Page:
Kids as Urban Scientists: Mapping the Biodiversity of the Philadelphia Promise Zone
This project will advance efforts of the Innovative Technology Experiences for Students and Teachers (ITEST) program to better understand and promote practices that increase students' motivations and capacities to pursue careers in fields of science, technology, engineering, or mathematics (STEM) by providing immersive field experiences for inner-city students from groups underrepresented in STEM fields. Upper elementary students will use digital data collection tools to map biodiversity in local neighborhoods, and the project will interweave the biodiversity activities with career awareness and mentoring opportunities. Digital badging will be used to certify learning accomplishments and provide recognition for students and teachers engaged in the project. The project consists of three components: a) Development of a curriculum module focusing on biodiversity for use in school or in out-of-school learning environments; b) Integration of career awareness and mentoring activities by college science faculty or students who will work with students during the biodiversity mapping activities; and c) Professional development opportunities for schoolteachers and out-of-school educators.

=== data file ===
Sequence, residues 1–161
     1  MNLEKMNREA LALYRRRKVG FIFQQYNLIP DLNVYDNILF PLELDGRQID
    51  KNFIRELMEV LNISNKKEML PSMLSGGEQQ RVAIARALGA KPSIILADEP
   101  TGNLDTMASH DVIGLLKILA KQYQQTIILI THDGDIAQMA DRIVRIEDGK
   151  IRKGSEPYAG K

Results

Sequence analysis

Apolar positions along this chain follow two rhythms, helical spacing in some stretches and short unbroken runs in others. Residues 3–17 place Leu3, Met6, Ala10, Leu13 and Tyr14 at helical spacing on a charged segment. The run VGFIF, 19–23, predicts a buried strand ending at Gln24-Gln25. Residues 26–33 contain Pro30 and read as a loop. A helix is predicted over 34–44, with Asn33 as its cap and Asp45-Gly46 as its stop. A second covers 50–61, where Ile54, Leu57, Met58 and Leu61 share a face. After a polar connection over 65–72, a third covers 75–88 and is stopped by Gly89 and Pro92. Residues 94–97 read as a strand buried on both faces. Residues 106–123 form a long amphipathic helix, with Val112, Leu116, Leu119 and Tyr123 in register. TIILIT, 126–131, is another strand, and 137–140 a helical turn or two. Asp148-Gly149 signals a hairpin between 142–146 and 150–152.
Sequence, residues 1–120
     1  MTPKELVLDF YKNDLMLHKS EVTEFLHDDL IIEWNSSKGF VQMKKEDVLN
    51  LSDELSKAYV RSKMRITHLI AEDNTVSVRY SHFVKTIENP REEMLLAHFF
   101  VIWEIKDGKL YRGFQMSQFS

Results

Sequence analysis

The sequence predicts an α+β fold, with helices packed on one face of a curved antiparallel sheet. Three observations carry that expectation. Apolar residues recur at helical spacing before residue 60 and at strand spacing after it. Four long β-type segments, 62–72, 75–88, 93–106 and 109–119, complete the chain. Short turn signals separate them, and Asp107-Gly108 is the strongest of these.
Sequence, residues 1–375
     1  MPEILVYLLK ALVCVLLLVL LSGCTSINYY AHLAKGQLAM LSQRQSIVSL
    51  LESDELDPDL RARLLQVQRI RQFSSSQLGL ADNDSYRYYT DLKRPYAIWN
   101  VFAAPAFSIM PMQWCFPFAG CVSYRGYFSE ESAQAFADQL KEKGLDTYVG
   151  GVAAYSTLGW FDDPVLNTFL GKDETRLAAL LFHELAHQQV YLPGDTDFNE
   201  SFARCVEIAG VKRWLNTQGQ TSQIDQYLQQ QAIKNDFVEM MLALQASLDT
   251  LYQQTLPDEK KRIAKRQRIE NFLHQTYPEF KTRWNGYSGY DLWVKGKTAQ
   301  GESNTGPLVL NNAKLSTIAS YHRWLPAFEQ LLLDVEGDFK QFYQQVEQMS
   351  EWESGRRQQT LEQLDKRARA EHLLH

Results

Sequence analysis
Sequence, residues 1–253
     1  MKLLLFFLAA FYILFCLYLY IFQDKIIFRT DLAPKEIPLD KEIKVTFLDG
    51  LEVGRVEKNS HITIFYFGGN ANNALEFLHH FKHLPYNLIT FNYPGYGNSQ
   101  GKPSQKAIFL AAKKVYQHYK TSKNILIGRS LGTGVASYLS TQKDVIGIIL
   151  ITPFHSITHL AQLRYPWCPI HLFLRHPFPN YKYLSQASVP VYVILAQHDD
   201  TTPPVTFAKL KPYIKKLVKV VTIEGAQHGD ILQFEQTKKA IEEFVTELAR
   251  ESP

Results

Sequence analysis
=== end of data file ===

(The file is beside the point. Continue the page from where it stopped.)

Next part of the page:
The project will engage 400 inner-city students in grades 4-6 along with 80 teachers and out-of-school-time (OST) educators from the Philadelphia Promise Zone, one of the highest poverty areas in the country. The curriculum modules for each grade will be designed for use in either a school classroom or an OST setting, and the disciplinary content will be aligned with relevant disciplinary core ideas and science practices of the Next Generation Science Standards (NGSS). The curriculum modules at each grade level will include classroom learning activities, a field component for data collection, and a final sessions where teams of students present their findings through development of a poster, a video, or some other visual representation. A mixed-methods research approach will be used to seek findings related to three research questions: a) What coherent set of experiences effectively support fourth, fifth and sixth grade students? knowledge development (e.g., biodiversity content knowledge blended with science practices), motivation and career awareness about STEM-related work and jobs of today and the future? b) What professional development models and recognition systems can effectively engage teachers and OST providers in demonstrating Next Generation Science knowledge, pedagogy, and career awareness for fourth through sixth grade students? and c) How effective is the activity of Promise Zone fourth-sixth grade students as information providers and Urban Scientists interacting with scientist mentors towards increasing career awareness and understanding characteristics of STEM work?